Hamelin Bay is in the heart of Leeuwin-Naturaliste National Park in Western Australia’s South West Region. About 30kms south of Margaret River. The bay was once the shipping hub of the Karridale timber industry. The ruins of the Hamelin Bay Jetty can still be found along the foreshore.
A Little Touch of Paradise
The bay also includes reefs, white sandy beaches, tiny islands, a small lake, a boat ramp, a camping area shaded by Peppermint trees (which was previously the site of the timber yards), and the Hamelin Bay Caravan Park which has on-site accommodation.
The bay is protected from the south by Hamelin Island but is virtually unprotected from storms coming off the Indian Ocean.
The area is also well known for its friendly Hamelin Bay stingrays. These creatures often come in close to the boat ramp to feed from the scraps left by fishermen. They are also quite inquisitive and like to swim near and sometimes with snorkelers. Beware, however, as stingrays can deliver a painful sting if stepped on.
Brief History of Hamelin Bay
The first Europeans to have explored the area were believed to be the Dutch, in 1622. Having sighted the southwestern tip in 1622 they named it ‘t Landt van de Leeuwin’, meaning land of the lioness.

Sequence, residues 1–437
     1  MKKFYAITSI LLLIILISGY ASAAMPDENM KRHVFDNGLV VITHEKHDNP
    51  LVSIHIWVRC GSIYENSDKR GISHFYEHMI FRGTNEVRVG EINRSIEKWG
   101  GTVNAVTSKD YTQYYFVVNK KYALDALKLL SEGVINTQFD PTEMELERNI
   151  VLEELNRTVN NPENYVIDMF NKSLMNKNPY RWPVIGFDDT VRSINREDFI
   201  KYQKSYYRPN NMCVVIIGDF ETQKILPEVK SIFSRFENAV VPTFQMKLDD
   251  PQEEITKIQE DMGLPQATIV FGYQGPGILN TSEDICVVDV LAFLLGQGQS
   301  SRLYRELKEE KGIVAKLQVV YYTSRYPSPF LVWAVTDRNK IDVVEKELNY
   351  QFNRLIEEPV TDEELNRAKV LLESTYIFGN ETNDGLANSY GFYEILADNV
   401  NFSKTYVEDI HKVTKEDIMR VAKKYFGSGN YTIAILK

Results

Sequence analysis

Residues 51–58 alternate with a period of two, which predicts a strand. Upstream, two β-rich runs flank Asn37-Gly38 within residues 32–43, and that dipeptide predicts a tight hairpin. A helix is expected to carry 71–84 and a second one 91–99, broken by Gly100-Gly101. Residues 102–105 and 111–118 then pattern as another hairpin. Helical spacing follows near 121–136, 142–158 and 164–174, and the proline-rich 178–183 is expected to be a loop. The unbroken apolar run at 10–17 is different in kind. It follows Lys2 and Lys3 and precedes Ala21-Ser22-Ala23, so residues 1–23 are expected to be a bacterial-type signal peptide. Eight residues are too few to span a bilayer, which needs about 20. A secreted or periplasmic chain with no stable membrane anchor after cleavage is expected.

It was Matthew Flinders in 1801, who gave the name Cape Leeuwin to the southwestern tip. Hamelin Bay was named in honour of Captain Hamelin who explored the coast in his ships, Naturaliste and Geographe, in the early 19th century.
Hamelin Bay Jetty
One of the must-sees at Hamelin Bay is the ruins of the Hamelin Bay Jetty. The jetty was built by M.C. Davies to service the local timbers mills which were located in what is now known as Old Karridale. The timbers would be loaded onto ships berthed at the jetty and from there transported around the world.
In its heydays the area was also a popular recreational destination for the timber workers who would swim and fish off the jetty. Click for more history of Hamelin Bay Jetty.
Today only a few timbers remain but it provides a spectacular backdrop during sunset.
The Storm of 1900
On July 22nd, 1900, a fierce storm lashed the coast of Western Australia, from Fremantle to Albany. During the storm, five ships were wrecked, three of those ships were moored in Hamelin Bay. Five souls were lost from those ships that fateful night. Click here for more on the Hamelin Bay Storm of 1900.
During the 1940s salmon fishing was established in the bay. During the peak salmon season, it wasn’t unusual to have between 10-15 ton hauls a day. The salmon was cleaned locally before being packed in straw and sent to Perth for sale.
During the 1950s a salmon fishery was opened on the beaches between Hamelin Bay and Busselton.
Today the fishery is run by the Fisheries Department who supplies a limited number of licensees. Boats were originally used to herd the schools of salmon into nets within the bay, later replaced by surf skis and then to spotter planes.